'This truly astonishing performance was recorded in 1981, 26 years...Review

 

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No 5

Partitas

Trevor Pinnock

'Hanssler’s eclectic approach to its ongoing complete Bach series...Review

 

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No 6

Cello Suites

Steven Isserlis

'Though these two new recordings of the Bach Cello Suites sound rather different, reading the...'Review

 

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No 7

Well-tempered Clavier

Angela Hewitt 

'Listening to Angela Hewitt’s latest thoughts on Bach’s Well-Tempered Clavier alongside her...Review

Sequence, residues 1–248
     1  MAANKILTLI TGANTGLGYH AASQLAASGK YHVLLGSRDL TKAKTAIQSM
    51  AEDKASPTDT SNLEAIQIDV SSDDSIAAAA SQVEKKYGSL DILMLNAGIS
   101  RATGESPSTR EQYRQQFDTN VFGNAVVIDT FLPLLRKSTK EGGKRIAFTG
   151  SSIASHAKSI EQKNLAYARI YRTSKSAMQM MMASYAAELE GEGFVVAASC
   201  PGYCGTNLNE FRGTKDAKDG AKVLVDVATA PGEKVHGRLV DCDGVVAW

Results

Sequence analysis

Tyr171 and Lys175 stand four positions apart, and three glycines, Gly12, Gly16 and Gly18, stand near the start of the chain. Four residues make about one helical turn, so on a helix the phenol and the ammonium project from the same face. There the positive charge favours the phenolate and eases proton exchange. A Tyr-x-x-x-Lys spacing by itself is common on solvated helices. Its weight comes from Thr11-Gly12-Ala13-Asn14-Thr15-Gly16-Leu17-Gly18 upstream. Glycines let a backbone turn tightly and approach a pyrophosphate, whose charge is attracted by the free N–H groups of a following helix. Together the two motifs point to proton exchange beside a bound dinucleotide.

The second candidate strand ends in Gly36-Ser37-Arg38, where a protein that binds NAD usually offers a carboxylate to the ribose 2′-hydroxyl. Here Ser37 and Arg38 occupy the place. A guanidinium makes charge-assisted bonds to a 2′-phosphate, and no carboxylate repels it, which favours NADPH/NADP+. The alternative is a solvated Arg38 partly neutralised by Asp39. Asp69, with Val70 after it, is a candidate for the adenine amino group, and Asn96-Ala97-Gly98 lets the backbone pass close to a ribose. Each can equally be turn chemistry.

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No 8

Solo Violin Sonatas and Partitas

Rachel Podger

'As a matter of tactics disregarding the printed order of the works...Review

 

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No 9

Mass in B minor

Soloists; Dunedin Consort and Players / John Butt

'There are few who strive sincerely to juxtapose the bedfellows...Review

 

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No 10

St Matthew Passion

Soloists; Arnold Schoenberg Choir; Concentus Musicus Wien / Nikolaus Harnoncourt

'Harnoncourt has waited over...' Review


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Top 10 Chopin recordings

Gramophone Fri 28th November 2014

Our guide to the ten best ways to expand your Chopin collection

Top 10 Chopin recordings
Top 10 Chopin recordings